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I am Mark Dominus, an amateur.

I have a blog that often carries articles about mathematics.

You can email me at mjd@plover.com.


16h
comment The drawer has M different colored socks. What is the least amount of socks I that I need to draw to guarntee N pairs
There are general formulas, and it is not too hard to find them. I suggest that instead of considering fifty pairs of socks, you consider two pairs. And instead of considering 50 colors, you consider 3 colors. You may get some ideas that will lead you to the solution of the general problem.
17h
comment give a group that is isomorphic to the figure.
Yes, that is exactly correct.
17h
comment A basic question of basic writing
I don't think it would be wise to use $\equiv$, which almost always means modular equivalence. Simple $=$ is correct, and Grigory Ilizirov gives several other options.
17h
comment A basic question of basic writing
\stackrel can be useful here. For example \stackrel\Delta= is $\stackrel\Delta=$.
18h
comment Definition of the sum of natural numbers
@Trevor Feel free to edit.
21h
comment Give me an idea
Post the question in the original language, and let someone else translate it.
1d
comment Find orbit of $1$ for $\sigma$
@Travis: It's standard to talk about the orbit of some element of a set $X$ under $g$ where $g$ is an element of a group that acts on $X$. I checked Fraleigh A First Course in Abstract Algebra to confirm and found that this question is Exercise 8.10 from that book.
1d
comment Let $G$ be a group and $u \in G$ be a fixed element. By the following, prove that $(G,\bullet)$ is a group.
There is a general theorem that if $\bullet$ is an associative operation on a set $G$ for which $u$ is a left and right identity, and $b'$ is a left inverse for $b$, then $b'$ is also a right inverse for $b$. In general, any three of the four properties (left identity, right identity, left inverse, right inverse) imply the fourth, so that $\langle G, \bullet\rangle$ is a group, and it is a well-known fact that left inverses in groups are the same as right inverses.
1d
comment Prove $\overline{B} - (A-\overline{B}) \subseteq \overline{B}$
It couldn't hurt, but my sense is that OP doesn't need the tutorial as much as he needed to be told to stop putting $ $ between every two symbols.
1d
comment Prove $\overline{B} - (A-\overline{B}) \subseteq \overline{B}$
Even so, there is no reason to write x $\in$ $\overline{B}$ instead of simply $x\in\overline{B}$.
1d
comment Prove $\overline{B} - (A-\overline{B}) \subseteq \overline{B}$
You should not write x $\in$ $\overline{B}$ $\,$^$\,$x$\,$$\in$$\,$($\overline{A}$$\cup$$\overline{B}$), which comes out as «x $\in$ $\overline{B}$ $\,$^$\,$x$\,$$\in$$\,$($\overline{A}$$\cup$$\overline{B}$)». Instead, it looks better and is easier to write simply $x \in \overline{B}\land x\in(\overline{A}\cup \overline{B})$ which renders as «$x \in \overline{B}\land x\in(\overline{A}\cup \overline{B})$». Everyone wins.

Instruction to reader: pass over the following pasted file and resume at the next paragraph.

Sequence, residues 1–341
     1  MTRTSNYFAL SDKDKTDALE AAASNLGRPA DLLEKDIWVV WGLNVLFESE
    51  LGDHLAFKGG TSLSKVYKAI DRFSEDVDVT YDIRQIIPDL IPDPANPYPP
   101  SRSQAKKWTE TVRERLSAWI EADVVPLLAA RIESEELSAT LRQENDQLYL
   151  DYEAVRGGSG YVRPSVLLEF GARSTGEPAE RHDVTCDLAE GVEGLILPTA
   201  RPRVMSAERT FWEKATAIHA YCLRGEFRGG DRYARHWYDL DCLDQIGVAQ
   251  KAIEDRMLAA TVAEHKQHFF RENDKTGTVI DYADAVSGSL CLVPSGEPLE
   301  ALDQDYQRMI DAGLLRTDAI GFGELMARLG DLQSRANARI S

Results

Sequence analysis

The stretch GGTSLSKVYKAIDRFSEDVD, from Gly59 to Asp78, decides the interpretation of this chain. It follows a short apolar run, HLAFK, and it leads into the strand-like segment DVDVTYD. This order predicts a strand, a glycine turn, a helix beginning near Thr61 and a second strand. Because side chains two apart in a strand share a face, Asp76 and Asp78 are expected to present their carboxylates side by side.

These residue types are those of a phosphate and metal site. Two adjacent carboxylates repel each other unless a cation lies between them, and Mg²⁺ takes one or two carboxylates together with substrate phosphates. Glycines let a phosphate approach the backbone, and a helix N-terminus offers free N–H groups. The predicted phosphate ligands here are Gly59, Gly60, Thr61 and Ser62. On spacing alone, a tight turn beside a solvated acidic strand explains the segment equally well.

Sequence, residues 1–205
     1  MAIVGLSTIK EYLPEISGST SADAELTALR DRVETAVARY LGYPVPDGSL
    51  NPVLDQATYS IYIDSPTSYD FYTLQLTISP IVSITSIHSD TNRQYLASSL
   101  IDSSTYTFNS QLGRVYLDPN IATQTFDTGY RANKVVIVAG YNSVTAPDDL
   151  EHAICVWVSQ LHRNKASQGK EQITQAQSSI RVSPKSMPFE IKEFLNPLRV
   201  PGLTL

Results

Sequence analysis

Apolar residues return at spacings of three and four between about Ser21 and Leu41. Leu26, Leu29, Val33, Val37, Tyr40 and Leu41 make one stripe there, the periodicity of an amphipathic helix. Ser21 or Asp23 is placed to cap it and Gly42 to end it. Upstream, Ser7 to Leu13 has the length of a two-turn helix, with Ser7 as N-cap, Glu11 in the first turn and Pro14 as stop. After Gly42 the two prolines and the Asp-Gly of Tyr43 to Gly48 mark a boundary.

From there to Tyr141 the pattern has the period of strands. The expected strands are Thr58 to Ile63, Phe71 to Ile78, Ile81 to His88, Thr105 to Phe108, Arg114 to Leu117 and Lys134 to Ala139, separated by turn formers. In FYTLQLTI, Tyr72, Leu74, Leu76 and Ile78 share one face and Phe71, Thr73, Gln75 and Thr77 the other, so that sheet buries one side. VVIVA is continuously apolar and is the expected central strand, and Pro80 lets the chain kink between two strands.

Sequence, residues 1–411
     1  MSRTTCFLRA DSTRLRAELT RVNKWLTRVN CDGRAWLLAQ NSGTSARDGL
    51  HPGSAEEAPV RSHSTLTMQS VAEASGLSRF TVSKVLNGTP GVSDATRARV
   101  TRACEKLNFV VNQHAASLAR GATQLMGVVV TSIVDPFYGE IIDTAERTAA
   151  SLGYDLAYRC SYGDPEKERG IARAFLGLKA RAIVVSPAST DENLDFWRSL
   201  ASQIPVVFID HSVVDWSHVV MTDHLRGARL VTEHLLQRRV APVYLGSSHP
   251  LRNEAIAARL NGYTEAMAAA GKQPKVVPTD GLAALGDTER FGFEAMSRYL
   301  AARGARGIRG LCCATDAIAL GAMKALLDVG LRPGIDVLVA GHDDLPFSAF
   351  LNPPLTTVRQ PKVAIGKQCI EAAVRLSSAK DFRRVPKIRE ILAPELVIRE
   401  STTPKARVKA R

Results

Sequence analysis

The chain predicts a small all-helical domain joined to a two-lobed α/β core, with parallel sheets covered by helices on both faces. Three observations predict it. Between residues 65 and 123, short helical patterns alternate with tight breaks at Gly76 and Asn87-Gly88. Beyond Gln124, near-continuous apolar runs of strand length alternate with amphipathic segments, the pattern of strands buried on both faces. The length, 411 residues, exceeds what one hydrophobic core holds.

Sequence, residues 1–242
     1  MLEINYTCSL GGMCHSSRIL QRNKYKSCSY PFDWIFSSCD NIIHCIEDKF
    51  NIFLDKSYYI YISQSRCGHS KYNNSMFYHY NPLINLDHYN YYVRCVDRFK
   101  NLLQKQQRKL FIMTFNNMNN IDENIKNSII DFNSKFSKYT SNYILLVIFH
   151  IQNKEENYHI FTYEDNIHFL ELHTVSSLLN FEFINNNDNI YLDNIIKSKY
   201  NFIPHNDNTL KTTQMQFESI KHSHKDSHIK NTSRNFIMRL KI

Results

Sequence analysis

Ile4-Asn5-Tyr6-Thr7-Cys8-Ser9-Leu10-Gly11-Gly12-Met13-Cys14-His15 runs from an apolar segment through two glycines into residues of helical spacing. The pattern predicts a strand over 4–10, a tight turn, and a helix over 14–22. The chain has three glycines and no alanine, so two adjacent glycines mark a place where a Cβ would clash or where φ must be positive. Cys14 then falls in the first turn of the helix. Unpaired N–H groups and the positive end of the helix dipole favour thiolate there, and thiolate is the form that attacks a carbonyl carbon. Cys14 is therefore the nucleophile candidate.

1d
comment Nine plus ten really does equal 21…
Sure, you can add nine plus ten and get a purple water buffalo if you use the right method, but what does it have to do with mathematics?
1d
comment let s be a set with N elements and A1,…,A101 be 101 (possibly not disjoint) subsets of S
I regret that your answer didn't get more upvotes, because when I saw it I thought you had given exactly the right amount of hint. I just wanted to let you know I had liked it.
1d
comment Studying math all day and really young
On the other hand, Paul Erdős said “You know, all of these rules that may be completely correct for normal people, make no sense for prodigies. To say that Bach should pay any attention to how he was socially adjusted is just a bad joke.”
2d
comment let s be a set with N elements and A1,…,A101 be 101 (possibly not disjoint) subsets of S
How to format mathematics on this site
2d
comment Red-Black tree - “Insert-Delete”
Have you read the Wikipedia article about it? It might be less confusing than your notes. Also, it might be helpful if you can find a description of red-black trees that makes the isomorphism with 2-3 trees explicit; they are really the same data structure, with the red/black coloring used to represent a 2-3 tree as a binary tree.
2d
comment Coproduct of groups
No, not in general, but that is a theorem of group theory, not of category theory.
2d
comment Are there any examples of non-computable real numbers?
"Sufficient" is not a subjective term; it is a mathematical term of art with a specific technical meaning.
2d
comment Show that for each $p \in P(n)$, the set $A(p) = \{x \mid p(x) = 0\}$ is countable
Isn't there a theorem of algebra that if $p\in P_n$ then $\{x \mid p(x) = 0\}$ has at most $n$ elements?
2d
comment Show that for each $p \in P(n)$, the set $A(p) = \{x \mid p(x) = 0\}$ is countable
You said “$P(n)$” in two places and “$P_n$” in two places. Did you mean those to be all the same?